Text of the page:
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Tamara Morgan v. Xerox Corporation

May 15, 2013

TAMARA MORGAN,
PLAINTIFF,
v.
XEROX CORPORATION, AND DOES 1 THROUGH 5, INCLUSIVE, DEFENDANTS.



MEMORANDUM AND ORDER

This matter is before the court on Defendant's "motion to compel arbitration and dismiss, or in the alternative, to stay proceedings pending arbitration." (Def.'s Mot. to Compel Arbitration, ECF 7-1.) Plaintiff opposes the motion. (Pl.'s Opp'n, ECF 9.) For the reasons set forth below, Defendant's motion is GRANTED.*fn1

BACKGROUND

Plaintiff brings one claim for "wrongful termination in violation of public policy," alleging that she was wrongfully retaliated against "for simply informing her employer of her good faith belief that false claims were being submitted by her employer to the State of California in the role a fiduciary intermediary for Medi-Cal payments to providers." (Def.'s Notice of Removal, ECF 1, Ex. 1, ¶ 15.) Plaintiff seeks damages "the exact amount of which have not yet been fully ascertained . . . ." (Id. ¶ 16.)

Plaintiff does not dispute that, in accepting her application for employment with Defendant, she electronically signed and agreed to Defendant's Dispute Resolution Program ("DRP"),*fn2 "which provides [Defendant's] employees with a mandatory system for settling workplace conflicts, including conflicts arising out of the termination of employment." (ECF 7-1 at 2:9-12.) Specifically, the program "constitutes the exclusive and binding methods for [Defendant's] employees to resolve workplace disputes through the following options: Open Door, Internal Conference, Mediation, and Arbitration." (Decl. Of Jamie Son, ECF 7-2, ¶ 7.)*fn3

Plaintiff also does not dispute that the program is referenced in Defendant's employee guidebook. Finally, Plaintiff does not dispute that she electronically submitted and signed an acknowledgment of receipt and review of the employee guidebook. (See Id., Ex A-4.)

STANDARD

"[T]he federal law of arbitrability under the Federal Arbitration Act ("FAA") governs the allocation of authority between courts and arbitrators." Cox v. Ocean View Hotel Corp., 533 F.3d 1114, 1119 (9th Cir. 2008). Defendant's motion to compel arbitration concerns Section 2 of the FAA, whichs provides that:

A written provision in any maritime transaction or a contract evidencing a transaction involving commerce to settle by arbitration a controversy thereafter arising out of such contract or transaction, or the refusal to perform the whole or any part thereof, or an agreement in writing to submit to arbitration an existing controversy arising out of such a contract, transaction, or refusal, shall be valid, irrevocable, and enforceable, save upon such grounds as exist at law or in equity for the revocation of any contract.

9 U.S.C. § 2. In deciding a motion to compel arbitration, "a court must determine: '(1) whether a valid agreement to arbitrate exists and, if it does, (2) whether the agreement encompasses the dispute at issue.'" McLeod v. Ford Motor Co., 2005 WL 3763354, at *2 (C.D. Cal.) (quoting Chiron Corp. v. Ortho Diagnostic Sys., Inc., 207 F.3d 1126, 1130 (9th Cir. 2000), and citing Wagner v. Stratton Oakmont, Inc., 83 F.3d 1046, 1048-49 (9th Cir. 1996)).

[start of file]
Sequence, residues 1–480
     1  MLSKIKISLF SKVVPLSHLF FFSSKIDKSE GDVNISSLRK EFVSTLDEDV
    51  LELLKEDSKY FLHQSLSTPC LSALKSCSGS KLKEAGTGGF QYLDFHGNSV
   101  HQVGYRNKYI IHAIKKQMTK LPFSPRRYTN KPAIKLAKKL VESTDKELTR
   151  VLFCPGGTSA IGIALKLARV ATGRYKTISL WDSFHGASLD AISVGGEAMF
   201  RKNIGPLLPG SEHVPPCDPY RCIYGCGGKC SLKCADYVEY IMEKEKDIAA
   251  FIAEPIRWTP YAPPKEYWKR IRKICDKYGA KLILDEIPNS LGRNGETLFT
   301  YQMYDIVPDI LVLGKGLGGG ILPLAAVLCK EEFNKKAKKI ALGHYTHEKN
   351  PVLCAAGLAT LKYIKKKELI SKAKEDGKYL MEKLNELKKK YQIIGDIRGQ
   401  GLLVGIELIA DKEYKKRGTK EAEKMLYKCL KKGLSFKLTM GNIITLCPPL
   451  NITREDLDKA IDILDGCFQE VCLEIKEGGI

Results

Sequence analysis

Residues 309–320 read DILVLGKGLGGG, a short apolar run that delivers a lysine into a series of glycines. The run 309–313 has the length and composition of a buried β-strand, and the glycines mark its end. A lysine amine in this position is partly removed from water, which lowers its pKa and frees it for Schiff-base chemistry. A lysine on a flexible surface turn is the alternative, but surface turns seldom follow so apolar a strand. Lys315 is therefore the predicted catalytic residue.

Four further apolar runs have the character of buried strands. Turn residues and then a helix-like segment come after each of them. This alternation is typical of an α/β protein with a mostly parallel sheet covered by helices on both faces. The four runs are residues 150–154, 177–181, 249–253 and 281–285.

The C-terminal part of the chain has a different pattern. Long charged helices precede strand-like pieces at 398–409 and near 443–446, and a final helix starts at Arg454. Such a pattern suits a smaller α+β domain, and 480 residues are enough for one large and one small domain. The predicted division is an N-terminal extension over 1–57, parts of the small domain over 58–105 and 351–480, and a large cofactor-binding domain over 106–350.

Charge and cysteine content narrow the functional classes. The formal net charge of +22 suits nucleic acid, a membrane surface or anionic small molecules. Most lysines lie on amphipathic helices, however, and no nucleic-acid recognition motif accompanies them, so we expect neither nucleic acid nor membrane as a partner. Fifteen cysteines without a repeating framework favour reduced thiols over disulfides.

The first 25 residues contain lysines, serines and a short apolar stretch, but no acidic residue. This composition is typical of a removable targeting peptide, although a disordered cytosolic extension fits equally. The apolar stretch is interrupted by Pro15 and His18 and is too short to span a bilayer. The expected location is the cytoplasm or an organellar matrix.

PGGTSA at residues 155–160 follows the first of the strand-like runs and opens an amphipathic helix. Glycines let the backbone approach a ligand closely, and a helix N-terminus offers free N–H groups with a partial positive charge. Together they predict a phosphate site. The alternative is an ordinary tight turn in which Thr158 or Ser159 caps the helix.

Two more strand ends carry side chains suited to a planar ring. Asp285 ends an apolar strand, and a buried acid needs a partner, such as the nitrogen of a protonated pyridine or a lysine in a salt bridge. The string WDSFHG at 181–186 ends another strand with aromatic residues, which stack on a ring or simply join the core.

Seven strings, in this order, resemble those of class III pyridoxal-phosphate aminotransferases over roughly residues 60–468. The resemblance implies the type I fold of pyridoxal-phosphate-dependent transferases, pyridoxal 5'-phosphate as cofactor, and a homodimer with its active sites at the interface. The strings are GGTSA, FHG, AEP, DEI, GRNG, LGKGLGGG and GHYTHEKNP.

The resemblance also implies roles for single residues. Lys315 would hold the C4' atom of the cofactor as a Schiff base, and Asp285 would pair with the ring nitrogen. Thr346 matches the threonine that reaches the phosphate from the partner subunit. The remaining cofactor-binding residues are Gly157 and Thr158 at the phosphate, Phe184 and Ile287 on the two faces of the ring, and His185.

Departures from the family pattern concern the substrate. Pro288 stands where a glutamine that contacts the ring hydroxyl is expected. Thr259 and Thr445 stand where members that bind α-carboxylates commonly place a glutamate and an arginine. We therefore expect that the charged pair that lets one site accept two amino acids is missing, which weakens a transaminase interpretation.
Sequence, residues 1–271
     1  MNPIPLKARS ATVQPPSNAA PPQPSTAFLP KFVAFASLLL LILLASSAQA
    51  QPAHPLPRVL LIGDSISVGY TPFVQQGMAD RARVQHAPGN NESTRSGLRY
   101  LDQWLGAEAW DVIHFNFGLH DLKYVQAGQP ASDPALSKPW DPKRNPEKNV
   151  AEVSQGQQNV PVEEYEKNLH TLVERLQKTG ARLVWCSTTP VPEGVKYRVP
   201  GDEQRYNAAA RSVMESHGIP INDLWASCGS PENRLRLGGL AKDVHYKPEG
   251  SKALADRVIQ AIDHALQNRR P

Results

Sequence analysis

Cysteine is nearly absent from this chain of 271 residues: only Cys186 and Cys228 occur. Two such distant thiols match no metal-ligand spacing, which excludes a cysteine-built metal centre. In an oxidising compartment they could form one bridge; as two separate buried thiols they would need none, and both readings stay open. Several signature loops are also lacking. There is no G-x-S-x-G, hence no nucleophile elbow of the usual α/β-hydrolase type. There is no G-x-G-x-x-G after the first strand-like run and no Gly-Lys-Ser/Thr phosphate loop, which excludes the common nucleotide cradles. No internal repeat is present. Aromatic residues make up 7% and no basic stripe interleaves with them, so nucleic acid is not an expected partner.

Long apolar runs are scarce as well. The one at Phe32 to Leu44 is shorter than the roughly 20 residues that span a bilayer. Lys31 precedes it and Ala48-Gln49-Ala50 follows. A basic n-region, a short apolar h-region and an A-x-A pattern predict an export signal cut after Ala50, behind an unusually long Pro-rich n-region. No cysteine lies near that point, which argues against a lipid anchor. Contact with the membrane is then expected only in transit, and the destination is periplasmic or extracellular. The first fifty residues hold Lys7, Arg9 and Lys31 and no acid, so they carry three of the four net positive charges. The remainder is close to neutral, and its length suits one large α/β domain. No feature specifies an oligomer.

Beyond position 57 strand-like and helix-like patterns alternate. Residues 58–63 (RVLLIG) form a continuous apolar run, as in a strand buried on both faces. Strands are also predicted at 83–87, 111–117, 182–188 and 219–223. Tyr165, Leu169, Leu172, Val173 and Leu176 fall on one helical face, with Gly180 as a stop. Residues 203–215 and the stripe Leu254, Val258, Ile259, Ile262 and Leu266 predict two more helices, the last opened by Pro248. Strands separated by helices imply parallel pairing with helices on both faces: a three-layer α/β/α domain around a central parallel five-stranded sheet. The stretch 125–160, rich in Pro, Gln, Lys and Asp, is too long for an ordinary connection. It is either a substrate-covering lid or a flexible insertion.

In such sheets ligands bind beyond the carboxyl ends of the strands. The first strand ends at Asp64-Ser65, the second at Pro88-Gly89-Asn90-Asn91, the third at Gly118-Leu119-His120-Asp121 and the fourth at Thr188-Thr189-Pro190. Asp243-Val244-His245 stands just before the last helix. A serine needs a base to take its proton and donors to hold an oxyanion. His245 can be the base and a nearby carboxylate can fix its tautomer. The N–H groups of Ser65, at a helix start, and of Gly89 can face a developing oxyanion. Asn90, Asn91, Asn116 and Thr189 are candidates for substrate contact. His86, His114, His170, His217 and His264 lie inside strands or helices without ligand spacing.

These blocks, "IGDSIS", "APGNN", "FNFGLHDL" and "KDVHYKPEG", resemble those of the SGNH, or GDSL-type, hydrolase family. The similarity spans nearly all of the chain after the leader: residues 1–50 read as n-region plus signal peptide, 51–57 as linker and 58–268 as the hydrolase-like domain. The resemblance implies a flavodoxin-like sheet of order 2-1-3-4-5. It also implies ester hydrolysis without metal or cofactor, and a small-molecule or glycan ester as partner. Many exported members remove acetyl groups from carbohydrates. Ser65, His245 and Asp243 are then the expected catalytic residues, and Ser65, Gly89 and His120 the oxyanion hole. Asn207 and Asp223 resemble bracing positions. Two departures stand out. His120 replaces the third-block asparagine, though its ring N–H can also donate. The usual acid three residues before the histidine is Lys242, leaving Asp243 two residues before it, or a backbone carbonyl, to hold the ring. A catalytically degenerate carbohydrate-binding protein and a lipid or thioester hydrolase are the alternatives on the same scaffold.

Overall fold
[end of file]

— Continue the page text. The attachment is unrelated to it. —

There is an "emphatic federal policy in favor of arbitral dispute resolution." Mitsubishi Motors Corp. v. Soler Chrysler--Plymouth, 473 U.S. 614, 631 (1985). As such, "'any doubts concerning the scope of arbitrable issues should be resolved in favor of arbitration, whether the problem at hand is the construction of the contract language itself or an allegation of waiver, delay, or a like defense to arbitrability.'" Id. at 626 (quoting Moses H. Cone Memorial Hosp. v. Mercury Const. Corp., 460 U.S. 1 at 24--25 (1983)). "Because waiver of the right to arbitration is disfavored, 'any party arguing waiver of arbitration bears a heavy burden of proof.'" Fisher v. A.G. Becker Paribas Inc., 791 F.2d 691, 694 (9th Cir. 1986) (quoting Belke v. Merrill Lynch, Pierce, Fenner & Smith, 693 F.2d 1023, 1025 (11th Cir. 1982)). Therefore, an arbitration agreement may only "be invalidated by 'generally applicable contract defenses, such as fraud, duress, or unconscionability,' but not by defenses that apply only to arbitration or that derive their meaning from the fact that an agreement to arbitrate is at issue." AT&T Mobility LLC v. Concepcion, 131 S.Ct. 1740, 1748 (2011)(quoting Doctor's Associates, Inc. v. Casarotto, 517 U.S. 681, 687, (1996)). Courts may not apply traditional contractual defenses, like duress and unconscionability, in a broader or more stringent manner to invalidate arbitration agreements and thereby undermine FAA's purpose to "ensur[e] that private arbitration agreements are enforced according to their terms." Id. at 1748 (quoting Volt Info. Scis., Inc. v. Bd. of Trustees of Leland Stanford Junior Univ., 489 U.S. 468, 478(1989).

ANALYSIS

Through its motion, Defendant seeks to compel arbitration under the DRP. Should the court grant the motion to compel, Defendant also seeks to either "dismiss this action pursuant to [Federal Rule of Civil Procedure] 12(b)(1) for lack of subject matter jurisdiction and/or [Federal Rule of Civil Procedure] 12(b)(6) for failure to state a claim upon which relief can be granted or stay the action pending resolution of the arbitration." (ECF 7-1 at 11:7-16.)

Plaintiff does not argue that the agreement does not encompasses the dispute at issue; Plaintiff, instead, argues that the agreement was not valid because the electronic agreement governing the DRP is both procedurally and substantively unconscionable, and thus, Defendant's motion should be denied. Plaintiff also Argues that "California Contract law ...


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